What Should You Buy Organic

Updated: Jun 10, 2018


* Picture of heirloom tomatoes grown on AZ Farm


Buying organic can be expensive and confusing. In an ideal world I would buy all my food organic, but most times its not practical or available. I try my best to grow and preserve foods grown on the farm and source things I don't grow from other chemical free local farmers. But when I need to buy fresh foods at the store I'm sure to buy organic produce based on the Environmental Working Group's (EWG) Dirty Dozen list. I know I won't even touch certain produce such as tomatoes unless they are grown out of mine or another local farm.


For the 2017 Dirty Dozen list, EWG singled out produce with the highest amount of pesticide residues. The foods on the list have been tested positive for a number of different pesticide residues and contained higher concentrations of pesticides than other produce. This year the list includes:


1.) Strawberries

2.) Spinach

3.) Nectarines

4.) Apples

5.) Peaches

6.) Celery

7.) Grapes

8.) Pears

9.) Cherries

10.) Tomatoes

11.) Sweet bell peppers

12.) Potatoes


Many of these on the list I freeze during the harvest season to eat throughout the year and others I only eat when in season. However when I'm craving some fresh spinach in my salad or black bean sweet potato burrito during the winter months, I hop on over to Aldis (my favorite grocery store) and grab a container of their USDA organic spinach.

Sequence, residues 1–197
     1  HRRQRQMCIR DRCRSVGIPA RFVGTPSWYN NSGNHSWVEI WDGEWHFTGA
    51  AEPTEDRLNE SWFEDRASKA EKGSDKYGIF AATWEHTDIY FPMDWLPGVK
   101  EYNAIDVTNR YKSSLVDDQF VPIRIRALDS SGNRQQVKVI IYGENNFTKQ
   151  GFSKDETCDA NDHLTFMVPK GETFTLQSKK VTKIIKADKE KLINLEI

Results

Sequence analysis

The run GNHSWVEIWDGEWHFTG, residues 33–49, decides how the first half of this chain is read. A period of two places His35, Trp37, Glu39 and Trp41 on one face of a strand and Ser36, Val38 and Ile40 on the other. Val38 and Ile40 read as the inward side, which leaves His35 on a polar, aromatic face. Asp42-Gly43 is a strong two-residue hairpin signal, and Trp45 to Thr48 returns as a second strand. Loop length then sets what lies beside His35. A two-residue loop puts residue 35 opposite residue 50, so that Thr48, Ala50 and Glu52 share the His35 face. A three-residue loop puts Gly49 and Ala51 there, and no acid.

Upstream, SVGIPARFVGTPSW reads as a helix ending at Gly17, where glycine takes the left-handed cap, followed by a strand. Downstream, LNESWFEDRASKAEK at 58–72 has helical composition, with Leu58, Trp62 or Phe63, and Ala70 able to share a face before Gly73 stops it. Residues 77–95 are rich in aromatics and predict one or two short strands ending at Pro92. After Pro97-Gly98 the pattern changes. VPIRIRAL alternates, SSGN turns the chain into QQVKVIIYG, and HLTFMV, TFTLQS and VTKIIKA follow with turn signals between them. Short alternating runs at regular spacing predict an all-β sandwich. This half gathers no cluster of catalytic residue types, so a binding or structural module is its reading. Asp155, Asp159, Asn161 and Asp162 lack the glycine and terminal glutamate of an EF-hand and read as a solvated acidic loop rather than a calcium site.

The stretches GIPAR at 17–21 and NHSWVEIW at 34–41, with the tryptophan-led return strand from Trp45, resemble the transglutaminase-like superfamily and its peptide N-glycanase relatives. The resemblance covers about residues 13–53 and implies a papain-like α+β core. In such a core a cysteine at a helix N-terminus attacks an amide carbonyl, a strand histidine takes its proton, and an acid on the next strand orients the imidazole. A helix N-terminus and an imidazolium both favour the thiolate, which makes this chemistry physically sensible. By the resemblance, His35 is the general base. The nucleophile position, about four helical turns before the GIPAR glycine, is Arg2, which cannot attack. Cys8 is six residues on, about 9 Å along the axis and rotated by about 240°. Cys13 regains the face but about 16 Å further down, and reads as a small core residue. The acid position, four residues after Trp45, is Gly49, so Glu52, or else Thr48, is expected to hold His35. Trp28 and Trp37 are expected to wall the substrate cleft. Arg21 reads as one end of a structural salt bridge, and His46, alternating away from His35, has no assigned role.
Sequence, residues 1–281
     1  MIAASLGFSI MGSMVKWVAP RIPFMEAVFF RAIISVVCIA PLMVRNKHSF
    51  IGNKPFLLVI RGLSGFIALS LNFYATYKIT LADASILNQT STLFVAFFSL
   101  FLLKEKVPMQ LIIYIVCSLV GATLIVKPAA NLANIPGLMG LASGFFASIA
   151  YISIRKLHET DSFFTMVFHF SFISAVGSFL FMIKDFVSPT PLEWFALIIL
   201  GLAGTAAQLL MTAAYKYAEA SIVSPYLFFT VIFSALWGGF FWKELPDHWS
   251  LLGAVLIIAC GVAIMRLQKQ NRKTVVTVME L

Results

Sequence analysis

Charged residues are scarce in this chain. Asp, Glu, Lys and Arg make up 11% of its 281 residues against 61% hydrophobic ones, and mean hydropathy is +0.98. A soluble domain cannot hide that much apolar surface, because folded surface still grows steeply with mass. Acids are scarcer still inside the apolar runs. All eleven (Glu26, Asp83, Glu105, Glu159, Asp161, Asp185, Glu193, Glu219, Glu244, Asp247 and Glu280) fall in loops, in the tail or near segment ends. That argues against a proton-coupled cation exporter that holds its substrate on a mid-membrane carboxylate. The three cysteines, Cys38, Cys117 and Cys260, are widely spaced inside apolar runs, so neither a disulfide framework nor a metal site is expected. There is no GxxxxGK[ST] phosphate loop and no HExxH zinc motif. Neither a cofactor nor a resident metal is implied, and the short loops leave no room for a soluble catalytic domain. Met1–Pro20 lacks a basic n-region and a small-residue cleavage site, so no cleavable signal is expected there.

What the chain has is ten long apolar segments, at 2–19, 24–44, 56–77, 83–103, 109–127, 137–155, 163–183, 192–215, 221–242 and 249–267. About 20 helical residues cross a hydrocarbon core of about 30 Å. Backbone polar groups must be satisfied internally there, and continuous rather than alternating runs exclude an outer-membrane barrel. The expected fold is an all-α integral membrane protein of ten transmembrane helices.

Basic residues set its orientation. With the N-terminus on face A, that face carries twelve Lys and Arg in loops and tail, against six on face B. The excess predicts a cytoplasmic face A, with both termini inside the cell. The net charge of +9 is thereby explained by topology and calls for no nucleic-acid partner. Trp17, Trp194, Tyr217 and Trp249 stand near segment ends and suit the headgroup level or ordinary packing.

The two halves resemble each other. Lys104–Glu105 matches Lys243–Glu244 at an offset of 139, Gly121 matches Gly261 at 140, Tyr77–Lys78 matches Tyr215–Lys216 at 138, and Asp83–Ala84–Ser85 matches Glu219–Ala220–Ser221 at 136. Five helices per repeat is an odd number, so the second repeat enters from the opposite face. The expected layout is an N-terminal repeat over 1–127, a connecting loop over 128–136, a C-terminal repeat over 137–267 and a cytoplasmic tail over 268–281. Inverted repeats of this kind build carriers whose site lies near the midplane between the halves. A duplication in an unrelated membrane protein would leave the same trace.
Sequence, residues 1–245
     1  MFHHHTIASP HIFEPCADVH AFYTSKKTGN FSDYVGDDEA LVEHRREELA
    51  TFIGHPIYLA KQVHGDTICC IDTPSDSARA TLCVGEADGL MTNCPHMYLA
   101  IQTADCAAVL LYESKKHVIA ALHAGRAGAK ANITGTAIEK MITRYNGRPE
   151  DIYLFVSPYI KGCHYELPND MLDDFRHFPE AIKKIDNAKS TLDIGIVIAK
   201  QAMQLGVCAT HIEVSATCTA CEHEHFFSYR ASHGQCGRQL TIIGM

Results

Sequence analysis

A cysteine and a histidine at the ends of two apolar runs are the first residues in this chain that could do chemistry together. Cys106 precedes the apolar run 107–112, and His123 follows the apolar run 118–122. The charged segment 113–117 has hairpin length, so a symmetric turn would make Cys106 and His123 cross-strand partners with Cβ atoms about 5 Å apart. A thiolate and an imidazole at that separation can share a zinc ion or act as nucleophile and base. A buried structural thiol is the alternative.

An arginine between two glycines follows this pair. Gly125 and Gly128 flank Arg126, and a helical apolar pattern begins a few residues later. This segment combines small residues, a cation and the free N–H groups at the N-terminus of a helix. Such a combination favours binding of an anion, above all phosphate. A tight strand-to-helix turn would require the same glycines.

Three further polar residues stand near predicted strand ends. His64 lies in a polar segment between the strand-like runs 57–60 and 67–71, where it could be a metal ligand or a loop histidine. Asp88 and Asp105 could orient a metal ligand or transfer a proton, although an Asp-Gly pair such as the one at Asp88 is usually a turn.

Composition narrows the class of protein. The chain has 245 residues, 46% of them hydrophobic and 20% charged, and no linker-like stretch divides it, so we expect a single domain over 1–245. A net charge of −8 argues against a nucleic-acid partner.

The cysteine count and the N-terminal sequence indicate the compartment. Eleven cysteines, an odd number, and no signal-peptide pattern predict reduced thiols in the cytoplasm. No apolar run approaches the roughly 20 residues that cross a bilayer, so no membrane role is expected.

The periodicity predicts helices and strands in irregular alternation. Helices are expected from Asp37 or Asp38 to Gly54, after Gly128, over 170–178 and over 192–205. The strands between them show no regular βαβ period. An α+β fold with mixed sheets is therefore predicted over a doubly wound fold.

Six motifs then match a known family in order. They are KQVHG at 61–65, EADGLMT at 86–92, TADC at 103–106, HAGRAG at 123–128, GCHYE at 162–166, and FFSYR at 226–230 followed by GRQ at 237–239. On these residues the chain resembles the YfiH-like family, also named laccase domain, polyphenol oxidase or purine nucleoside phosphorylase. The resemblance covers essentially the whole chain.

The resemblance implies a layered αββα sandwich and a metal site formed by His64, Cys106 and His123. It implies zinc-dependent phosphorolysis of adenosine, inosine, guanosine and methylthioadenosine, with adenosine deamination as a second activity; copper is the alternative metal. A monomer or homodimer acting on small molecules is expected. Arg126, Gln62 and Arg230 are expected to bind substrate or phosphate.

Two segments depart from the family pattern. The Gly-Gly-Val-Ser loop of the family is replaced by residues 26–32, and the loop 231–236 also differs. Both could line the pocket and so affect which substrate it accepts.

I hope this helps in decisions for your food shopping experience. Is this shopping list new to you or do you already use this list as part of your shopping guideline?



ABOUT THE AUTHOR:Ariel Zimmerlein is a Holistic Health Coach and Farmer. She uses her B.S. in Human Nutrition and Dietetics and her lifetime learning and experience with chronic illness and childhood trauma to empower others to live life fully regardless of the circumstances they have been given. She runs her farm, AZ Farm and Wellness, and loves to grow food for its inner and outer healing benefits. She focuses her practice on nutrition, stress, with special interest in mental/emotional health. She serves those with chronic health conditions who are challenged by pain, isolation, depression, and anxiety. Visit her at www.azfarmwellness.com to learn more.

 


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